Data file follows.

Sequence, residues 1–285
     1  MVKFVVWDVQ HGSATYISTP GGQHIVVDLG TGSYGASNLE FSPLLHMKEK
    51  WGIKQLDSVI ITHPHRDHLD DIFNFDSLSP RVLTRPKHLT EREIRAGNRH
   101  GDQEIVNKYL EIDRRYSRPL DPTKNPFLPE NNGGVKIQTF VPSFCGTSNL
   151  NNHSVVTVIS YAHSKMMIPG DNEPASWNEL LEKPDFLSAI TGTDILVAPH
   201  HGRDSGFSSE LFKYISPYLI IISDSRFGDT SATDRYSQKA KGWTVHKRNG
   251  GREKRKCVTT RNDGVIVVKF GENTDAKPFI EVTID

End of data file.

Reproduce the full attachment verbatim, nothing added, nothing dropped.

Sequence, residues 1–285
     1  MVKFVVWDVQ HGSATYISTP GGQHIVVDLG TGSYGASNLE FSPLLHMKEK
    51  WGIKQLDSVI ITHPHRDHLD DIFNFDSLSP RVLTRPKHLT EREIRAGNRH
   101  GDQEIVNKYL EIDRRYSRPL DPTKNPFLPE NNGGVKIQTF VPSFCGTSNL
   151  NNHSVVTVIS YAHSKMMIPG DNEPASWNEL LEKPDFLSAI TGTDILVAPH
   201  HGRDSGFSSE LFKYISPYLI IISDSRFGDT SATDRYSQKA KGWTVHKRNG
   251  GREKRKCVTT RNDGVIVVKF GENTDAKPFI EVTID